Tuesday, May 30, 2017

BCS -- Indeed! But what does the "C" stand for?

     Back in 1995, I designed and published a computer wargame called Combat Command. It was a company scale WWII game at 500 yds per hex and 4 hour turns. In addition to the on-map companies, there were also "off-map" heavy  weapons units you could attach to your primary combat units. You could move them around from unit to unit as you liked, but they never actually appeared on the map. An AT gun section could be placed with one company, a mortar team with another. Cut down on counter clutter. One review of this first iteration of the game called it "ball-breakingly complex." Regrettably, I took this out of Combat Command 2 for simplicity's sake -- and to ensure that a man this eloquent might have the chance to reproduce. We can only hope!)
     So I was intrigued when I first dove into The Gamers' "Battalion Combat Series" only to find so much verbiage, rulebook space and, ultimately, confusion surrounding this very same idea. Let's just say I'm very glad I don't have to push millions of counters depicting platoons, squads and individual men around the board ad infinitum. But for crying out loud! It's not that this is anything mind-blowingly original or even ball-breakingly complex. It's just very poorly -- very poorly -- explained.
     What The Gamers seem really good at is coming up with cute little terms for otherwise common elements, elements that would be easy to understand if not for the cute little terms. "Crossing the Streams" is just embarrassing. Do I have to say that during play? "Double-Tap." "Some call this a Double Tap," snickers the rulebook. Oh, please. Just write the damn rules, would ya. Cringe-worthy, the whole damn thing -- including the chest-thumping, self-aggrandizing, narcissistic Design Notes. If you have to point out your own accomplishments, maybe they aren't really worth mentioning.
     What The Gamers does not do well, is explain how to play this game. For example, you've spent the last half hour preparing for your first "Engagement." So you look up "Engagement." There it is. Rule section 7.1. Wonderful, you think. Everything I need to know about Engagements right here in good ol' 7.1. Sure enough, you find explanations of  Support Engagements and other kinds of Engagements, but before you're through you just happen to notice something called "Stopping Engagements" in the ZOC rules, 6.0, completely unreferenced in "7.1 Engagements." Turns out, you've been engaged in a Stopping Engagement without even knowing it.

Single Tapped Objectives, a PrepDef and a Target Dropped. Yeah, me neither.

     Okay, got that sorted out. Now, you take your shot and get a "Target Dropped" result. Awesome! I love when something happens in a new game. I consult the Engagement Table only to find no explanations of the combat results. I assume this whole "dropping" business has something to do with the Support of the attacked unit by the supporting tank destroyers, similar to Combat Command, only more ball-breakingly incomprehensible, apparently.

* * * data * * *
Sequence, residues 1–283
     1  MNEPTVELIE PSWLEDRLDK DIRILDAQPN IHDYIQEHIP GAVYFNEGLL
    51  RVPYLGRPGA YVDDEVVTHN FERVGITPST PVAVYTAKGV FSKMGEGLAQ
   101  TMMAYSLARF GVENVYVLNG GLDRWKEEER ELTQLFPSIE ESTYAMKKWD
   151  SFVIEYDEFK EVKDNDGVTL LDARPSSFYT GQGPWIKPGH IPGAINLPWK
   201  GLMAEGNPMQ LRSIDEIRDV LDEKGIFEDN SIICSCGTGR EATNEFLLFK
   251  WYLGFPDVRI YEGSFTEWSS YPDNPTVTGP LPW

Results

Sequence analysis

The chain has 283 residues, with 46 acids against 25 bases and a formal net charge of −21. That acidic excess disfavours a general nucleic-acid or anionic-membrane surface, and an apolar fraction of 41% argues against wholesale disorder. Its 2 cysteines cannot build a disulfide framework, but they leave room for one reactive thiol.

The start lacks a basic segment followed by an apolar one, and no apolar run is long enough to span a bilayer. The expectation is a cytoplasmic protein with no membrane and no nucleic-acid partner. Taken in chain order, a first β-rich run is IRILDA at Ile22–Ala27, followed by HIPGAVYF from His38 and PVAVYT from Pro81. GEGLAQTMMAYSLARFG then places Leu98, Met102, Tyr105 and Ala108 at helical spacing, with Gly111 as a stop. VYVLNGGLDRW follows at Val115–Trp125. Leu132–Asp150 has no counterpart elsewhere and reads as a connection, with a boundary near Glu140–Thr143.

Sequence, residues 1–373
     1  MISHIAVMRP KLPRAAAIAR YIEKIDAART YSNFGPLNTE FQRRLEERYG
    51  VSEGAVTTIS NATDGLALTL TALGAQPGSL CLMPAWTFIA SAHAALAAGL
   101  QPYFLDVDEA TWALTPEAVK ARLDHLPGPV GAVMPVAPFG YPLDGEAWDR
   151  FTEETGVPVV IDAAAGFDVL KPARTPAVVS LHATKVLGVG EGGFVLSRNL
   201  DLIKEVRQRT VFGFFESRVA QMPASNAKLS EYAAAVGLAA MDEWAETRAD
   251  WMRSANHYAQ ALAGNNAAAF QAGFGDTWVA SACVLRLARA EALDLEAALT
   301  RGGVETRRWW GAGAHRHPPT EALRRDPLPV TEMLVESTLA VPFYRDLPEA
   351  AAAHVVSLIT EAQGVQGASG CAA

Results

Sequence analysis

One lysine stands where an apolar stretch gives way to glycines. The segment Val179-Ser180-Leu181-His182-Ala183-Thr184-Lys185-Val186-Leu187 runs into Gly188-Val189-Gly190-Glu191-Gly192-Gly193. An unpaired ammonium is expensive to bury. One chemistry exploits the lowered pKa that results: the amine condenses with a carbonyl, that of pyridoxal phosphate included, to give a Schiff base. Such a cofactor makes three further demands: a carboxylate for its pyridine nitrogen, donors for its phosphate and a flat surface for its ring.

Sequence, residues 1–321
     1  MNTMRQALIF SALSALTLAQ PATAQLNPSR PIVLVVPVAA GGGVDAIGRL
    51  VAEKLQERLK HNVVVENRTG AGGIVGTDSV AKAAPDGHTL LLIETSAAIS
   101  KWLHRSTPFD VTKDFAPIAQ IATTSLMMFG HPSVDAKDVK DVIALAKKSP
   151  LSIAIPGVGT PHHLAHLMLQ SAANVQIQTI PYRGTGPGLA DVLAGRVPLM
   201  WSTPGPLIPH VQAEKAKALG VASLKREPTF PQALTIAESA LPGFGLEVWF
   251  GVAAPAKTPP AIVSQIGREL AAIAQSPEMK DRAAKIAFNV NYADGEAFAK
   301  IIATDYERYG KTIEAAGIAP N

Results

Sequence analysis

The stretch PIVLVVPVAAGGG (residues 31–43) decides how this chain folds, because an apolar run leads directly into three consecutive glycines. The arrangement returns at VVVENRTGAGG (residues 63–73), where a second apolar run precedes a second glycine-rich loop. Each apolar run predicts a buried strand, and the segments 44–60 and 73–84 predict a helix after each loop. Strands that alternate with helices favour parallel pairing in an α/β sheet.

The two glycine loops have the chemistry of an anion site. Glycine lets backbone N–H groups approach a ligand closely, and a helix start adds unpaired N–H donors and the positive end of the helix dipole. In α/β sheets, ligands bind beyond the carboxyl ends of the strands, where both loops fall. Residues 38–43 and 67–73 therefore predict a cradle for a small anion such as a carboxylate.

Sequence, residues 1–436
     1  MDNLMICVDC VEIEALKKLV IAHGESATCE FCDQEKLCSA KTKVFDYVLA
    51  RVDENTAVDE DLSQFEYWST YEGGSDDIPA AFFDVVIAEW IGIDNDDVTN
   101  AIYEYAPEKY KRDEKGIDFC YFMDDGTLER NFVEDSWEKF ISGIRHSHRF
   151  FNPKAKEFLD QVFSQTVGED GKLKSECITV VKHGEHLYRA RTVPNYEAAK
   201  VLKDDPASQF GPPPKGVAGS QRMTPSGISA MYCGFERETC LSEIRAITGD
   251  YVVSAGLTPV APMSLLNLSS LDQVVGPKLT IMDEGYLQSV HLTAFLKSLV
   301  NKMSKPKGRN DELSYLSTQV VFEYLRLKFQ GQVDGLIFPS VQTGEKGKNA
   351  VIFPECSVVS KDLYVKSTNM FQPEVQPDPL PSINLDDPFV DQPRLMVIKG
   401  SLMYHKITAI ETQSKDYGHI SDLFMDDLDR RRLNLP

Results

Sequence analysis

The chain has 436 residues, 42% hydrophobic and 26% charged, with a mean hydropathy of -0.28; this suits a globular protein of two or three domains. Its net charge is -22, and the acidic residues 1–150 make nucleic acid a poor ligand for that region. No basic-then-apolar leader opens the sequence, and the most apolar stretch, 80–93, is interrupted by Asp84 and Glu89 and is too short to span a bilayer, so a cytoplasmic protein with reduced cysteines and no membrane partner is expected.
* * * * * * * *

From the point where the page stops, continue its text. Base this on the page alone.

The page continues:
So I look up Support, section 9.2 There I find two types of Drops. (I'm starting to glance up at the baseball game on TV now more and more. The Cardinals are on.) Okay, back to section 9.2. I think the unit is Temporarily Dropping its Support. Maybe the Support is Dropping the unit. I dunno. Dropping is a pretty cute term, like when your insurance company "drops" you. What it means in military parlance, I'm not sure. So I read up on Permanent and Temporary Droppage, but I'm not exactly sure of the distinction. It is clear that you can mark Temporary Droppage if you want to. Or not. Whatever's your bag, man. One thing's for certain, as it's highlighted in red: the unit has to have a "Support Establishment Safe Path."
     Now, if ever there was a term that needed a cute little catch-phrase, it's this one. (Was that a crack of the bat I heard?)
     Anyway, I still don't know what this means. So I go looking for "Support Establishment Safe Path." In the glossary, I look up "Support." Nope. "Establishment." Nope. "Safe Path." Ah, it might be here. Four or five paragraphs and a bunch of bullet points. Looks promising. No mention -- until the second-to-last bullet point. There I find the magical words "Support Establishment." But that's it. No explanation. I guess we're just supposed to know that a Safe Path is a Safe Path is a Safe Path.
     I wonder if the runner was safe at second? To hell with this torture. Go Cards, Go!!

1 comment:

  1. Can I just say I'm really glad that I have the hobbies I have and not yours? This sounds AWFUL.